To anyone in the UK buying Toyobo photopolymer unexposed plates and making their own - is it worth it? By that I mean is it better to rely on professional platemakers rather than add platemaking to your workload? And did it take long to learn the skill of making good plates?



It’s a matter of expense. If you do not use a lot of plates you likely are better off not buying a professional machine. First of all, there is the purchase cost, then the ongoing maintenance costs, and the cost of raw plate material. The cost of Toyobo KF polyester backed plates from the primary distributor in the US, Anderson & Vreeland, is quite high, unless, of course, you can swing a deal by buying by the boxcar.

You mentioned problems with the Lyme Bay material. I note they promote the KF152 as a letterpress plate with a hardness of 67 (a standard hardness for letterpress). Manufacturer’s specifications tell a different story. It has a hardness of 65.2 and is not listed as a letterpress plate by the manufacturer (but it is listed as a moulding plate).

Don’t know how it came to be that this deep impression thing has convinced folks that a KF152 will provide a stronger relief than a KF95. Simply not true. They both have the same relative reverse relief depth (again, based on manufacturer’s specifications).

The KF152 seems to be quite problematic as reported repeatedly on this very discussion list. It’s height, hardness rating, and backing support likely contribute to these problems. I’d trust the technical specifications rather than advertising hype.


That Boxcar (and Elum) adhesive is made in Milano, Italy by Biessse. Product code is Goffrato 10 EP. You can likely get it direct from the source.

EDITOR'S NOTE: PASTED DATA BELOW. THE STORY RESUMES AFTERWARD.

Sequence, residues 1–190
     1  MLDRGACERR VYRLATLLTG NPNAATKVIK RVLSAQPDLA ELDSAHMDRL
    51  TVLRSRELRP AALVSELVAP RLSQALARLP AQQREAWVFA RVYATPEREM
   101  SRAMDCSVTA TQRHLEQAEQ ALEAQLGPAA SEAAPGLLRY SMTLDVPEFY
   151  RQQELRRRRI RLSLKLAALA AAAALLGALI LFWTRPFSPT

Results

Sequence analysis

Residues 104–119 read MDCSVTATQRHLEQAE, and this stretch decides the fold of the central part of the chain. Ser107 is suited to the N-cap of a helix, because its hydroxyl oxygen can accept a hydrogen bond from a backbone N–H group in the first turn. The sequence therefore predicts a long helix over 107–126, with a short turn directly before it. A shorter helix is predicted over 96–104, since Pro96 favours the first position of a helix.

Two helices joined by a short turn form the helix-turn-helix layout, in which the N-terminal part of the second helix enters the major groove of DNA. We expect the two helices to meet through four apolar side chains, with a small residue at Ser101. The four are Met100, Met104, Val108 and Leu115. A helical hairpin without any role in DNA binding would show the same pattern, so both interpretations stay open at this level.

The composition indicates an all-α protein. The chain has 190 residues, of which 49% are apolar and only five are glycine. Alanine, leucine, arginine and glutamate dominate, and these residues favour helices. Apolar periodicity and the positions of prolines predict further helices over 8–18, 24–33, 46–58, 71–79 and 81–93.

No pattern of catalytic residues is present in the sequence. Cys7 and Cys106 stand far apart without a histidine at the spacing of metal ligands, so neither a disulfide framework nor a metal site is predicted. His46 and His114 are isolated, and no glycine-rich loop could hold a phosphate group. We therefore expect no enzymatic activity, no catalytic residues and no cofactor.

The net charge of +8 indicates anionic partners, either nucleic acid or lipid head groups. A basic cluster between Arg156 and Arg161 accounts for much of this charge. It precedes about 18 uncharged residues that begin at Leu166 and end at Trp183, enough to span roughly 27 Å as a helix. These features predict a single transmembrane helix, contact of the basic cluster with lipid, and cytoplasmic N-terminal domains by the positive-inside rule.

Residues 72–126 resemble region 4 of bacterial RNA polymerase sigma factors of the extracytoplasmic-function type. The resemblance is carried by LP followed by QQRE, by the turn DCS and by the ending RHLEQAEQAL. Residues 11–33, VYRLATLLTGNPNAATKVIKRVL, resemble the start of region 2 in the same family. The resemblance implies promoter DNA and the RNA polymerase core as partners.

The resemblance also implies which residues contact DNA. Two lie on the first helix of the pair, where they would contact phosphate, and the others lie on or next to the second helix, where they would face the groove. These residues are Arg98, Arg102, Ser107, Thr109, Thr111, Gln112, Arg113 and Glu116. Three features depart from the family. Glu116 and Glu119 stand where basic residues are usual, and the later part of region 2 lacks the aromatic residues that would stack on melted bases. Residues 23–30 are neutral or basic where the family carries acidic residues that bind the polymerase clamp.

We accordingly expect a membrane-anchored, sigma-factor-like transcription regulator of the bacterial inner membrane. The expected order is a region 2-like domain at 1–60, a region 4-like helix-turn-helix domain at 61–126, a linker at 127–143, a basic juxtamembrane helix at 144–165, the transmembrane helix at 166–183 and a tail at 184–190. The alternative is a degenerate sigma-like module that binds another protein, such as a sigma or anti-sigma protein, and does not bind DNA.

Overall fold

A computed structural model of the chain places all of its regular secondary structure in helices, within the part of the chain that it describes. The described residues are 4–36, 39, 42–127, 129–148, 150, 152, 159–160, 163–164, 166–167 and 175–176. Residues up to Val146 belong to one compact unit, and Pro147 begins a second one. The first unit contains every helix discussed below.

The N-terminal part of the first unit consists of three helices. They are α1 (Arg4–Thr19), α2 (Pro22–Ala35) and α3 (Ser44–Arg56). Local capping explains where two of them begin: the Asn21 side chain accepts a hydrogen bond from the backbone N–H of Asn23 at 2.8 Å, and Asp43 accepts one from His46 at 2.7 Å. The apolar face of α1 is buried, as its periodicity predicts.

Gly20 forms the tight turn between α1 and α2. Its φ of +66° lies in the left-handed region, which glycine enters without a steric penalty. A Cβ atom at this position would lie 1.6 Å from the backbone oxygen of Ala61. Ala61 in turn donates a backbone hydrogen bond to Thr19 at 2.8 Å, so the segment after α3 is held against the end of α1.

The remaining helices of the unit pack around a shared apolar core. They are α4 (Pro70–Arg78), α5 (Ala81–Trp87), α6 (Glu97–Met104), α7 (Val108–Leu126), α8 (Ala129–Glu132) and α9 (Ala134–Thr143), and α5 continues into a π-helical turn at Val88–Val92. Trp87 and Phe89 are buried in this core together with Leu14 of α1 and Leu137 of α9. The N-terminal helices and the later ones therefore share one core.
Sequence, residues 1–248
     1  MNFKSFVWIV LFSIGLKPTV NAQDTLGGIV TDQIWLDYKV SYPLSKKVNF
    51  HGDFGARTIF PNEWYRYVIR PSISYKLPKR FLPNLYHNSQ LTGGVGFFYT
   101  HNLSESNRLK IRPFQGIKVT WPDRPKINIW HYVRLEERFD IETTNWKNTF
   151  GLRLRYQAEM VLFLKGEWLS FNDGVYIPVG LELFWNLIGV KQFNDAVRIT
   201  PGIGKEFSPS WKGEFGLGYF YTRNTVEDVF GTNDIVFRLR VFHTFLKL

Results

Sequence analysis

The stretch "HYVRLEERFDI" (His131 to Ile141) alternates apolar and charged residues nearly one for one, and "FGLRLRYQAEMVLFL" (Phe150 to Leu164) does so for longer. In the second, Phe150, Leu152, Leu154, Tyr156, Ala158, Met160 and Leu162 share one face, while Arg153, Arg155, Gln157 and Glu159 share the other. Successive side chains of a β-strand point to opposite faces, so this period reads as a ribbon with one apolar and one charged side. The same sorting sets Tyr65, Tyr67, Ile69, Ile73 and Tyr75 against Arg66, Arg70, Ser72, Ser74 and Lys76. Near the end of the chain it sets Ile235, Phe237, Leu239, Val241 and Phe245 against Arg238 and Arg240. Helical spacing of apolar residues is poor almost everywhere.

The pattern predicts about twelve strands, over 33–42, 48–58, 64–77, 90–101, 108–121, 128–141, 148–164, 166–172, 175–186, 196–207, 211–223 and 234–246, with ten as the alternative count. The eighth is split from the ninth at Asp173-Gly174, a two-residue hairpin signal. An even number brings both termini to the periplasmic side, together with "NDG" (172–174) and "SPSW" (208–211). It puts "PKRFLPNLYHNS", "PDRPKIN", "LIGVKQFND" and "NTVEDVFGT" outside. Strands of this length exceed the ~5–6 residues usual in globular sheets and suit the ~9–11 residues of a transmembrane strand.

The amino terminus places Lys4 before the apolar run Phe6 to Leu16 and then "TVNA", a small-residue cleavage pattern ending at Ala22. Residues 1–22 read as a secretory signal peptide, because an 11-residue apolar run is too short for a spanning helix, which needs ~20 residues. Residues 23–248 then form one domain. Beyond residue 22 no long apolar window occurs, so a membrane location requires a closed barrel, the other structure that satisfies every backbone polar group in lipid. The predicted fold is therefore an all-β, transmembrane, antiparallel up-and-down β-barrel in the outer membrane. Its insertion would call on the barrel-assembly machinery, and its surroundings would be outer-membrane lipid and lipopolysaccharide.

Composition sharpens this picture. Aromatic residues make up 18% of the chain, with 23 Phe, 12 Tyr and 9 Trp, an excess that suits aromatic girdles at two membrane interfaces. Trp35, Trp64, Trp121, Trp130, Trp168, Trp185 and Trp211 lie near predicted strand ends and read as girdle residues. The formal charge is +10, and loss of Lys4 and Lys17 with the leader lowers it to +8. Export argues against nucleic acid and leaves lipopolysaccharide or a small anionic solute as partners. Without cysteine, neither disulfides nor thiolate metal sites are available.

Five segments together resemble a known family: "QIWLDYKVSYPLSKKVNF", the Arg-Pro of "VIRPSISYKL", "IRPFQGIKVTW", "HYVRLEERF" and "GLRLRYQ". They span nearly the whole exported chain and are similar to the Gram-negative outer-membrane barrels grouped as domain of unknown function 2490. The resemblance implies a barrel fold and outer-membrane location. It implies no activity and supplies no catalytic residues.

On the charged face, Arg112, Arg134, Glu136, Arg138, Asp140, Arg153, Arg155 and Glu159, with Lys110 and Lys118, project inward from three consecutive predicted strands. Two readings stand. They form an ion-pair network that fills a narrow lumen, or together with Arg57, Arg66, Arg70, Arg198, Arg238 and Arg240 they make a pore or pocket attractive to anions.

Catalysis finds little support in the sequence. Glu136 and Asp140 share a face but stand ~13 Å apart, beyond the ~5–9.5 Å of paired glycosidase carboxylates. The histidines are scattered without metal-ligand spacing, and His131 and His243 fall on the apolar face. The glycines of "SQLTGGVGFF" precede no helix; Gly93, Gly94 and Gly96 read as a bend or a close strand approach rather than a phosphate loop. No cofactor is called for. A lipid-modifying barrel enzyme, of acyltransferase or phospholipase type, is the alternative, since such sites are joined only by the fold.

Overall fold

Pomeroy Pressroom Products un UK sell Flint Corp plates he red ones , I had a quick go at testing one, it seemed to have good definition and easly wash out to the base and might be a better specification than Tyobo, but students using the latter have been very happy with these, we use a platemaker……..Pomeroy very friendly, give them a call, also stock plate for hot foiling believe which is harder. Try many brands. There are problems I believe with Miraclon supplies at the moment.

People could also buy the magnetic bases for steel backed plates, it might make makeready more easy.

You could also just have zinc/magnesium plates made. I believe Blinford Graphics will supply them already made up to type height, if you don’t have the appropriate mount.

Thank you Gerald, Jonathan and HandEye.

This has given me quite a bit to think about.

I have been considering switching back to mag plates (I do have a base) as quality was pretty consistent when I used only mag plates and metal type! I switched to photopolymer because f the cheaper costs, but also for the free recycling of plates. I still order mag plates for certain jobs.

Gerald, it’s very interesting that you have mentioned differences in shore hardness, I will enquire about this. The thing is that the plates I’ve had via LBP vary so much - at times the quality is great, as good as a mag plate, and at other times there is a distinct woolliness, or at other times certain elements of the design aren’t quite type height or some areas of the negative space haven’t been fully bitten away. I’m ignorant of the platemaking process, so don’t know if these different issues are caused by different factors or by one factor - the material itself.

Problem plates are always replaced where there has clearly been an error in producing it, as I said before.

Thanks again,

Lyme Bay Press to echo what others have said - very friendly, fast and good quality.


It could be the one factor, the material. My clients are primarily commercial and do expect the consistency you mention. I don’t offer plate material that has had reported processing problems. I don’t need the aggravation.

There will always be occasional problems here and there, no matter photopolymer or photomechanical plates, but they should not be to the extent you are describing.


or you could buy the proper mount from me in the UK for 8g and 16g

Elrodfk - I realise we’re a couple of years down the line from your last post but could you give me further info (if you still do them) on the mounts you offer for 8g and 16g?

since my earlier reply, Pomeroys changed their trading/restructured to litho only, plus took £260 quid from my university for polymer stuff payed in advance but never supplied the goods………..take this from you wish, unfortunately I have no redress, they knew what was happening but didn’t want to tell me. Not recommended, and I hope they read this and feel ashamed.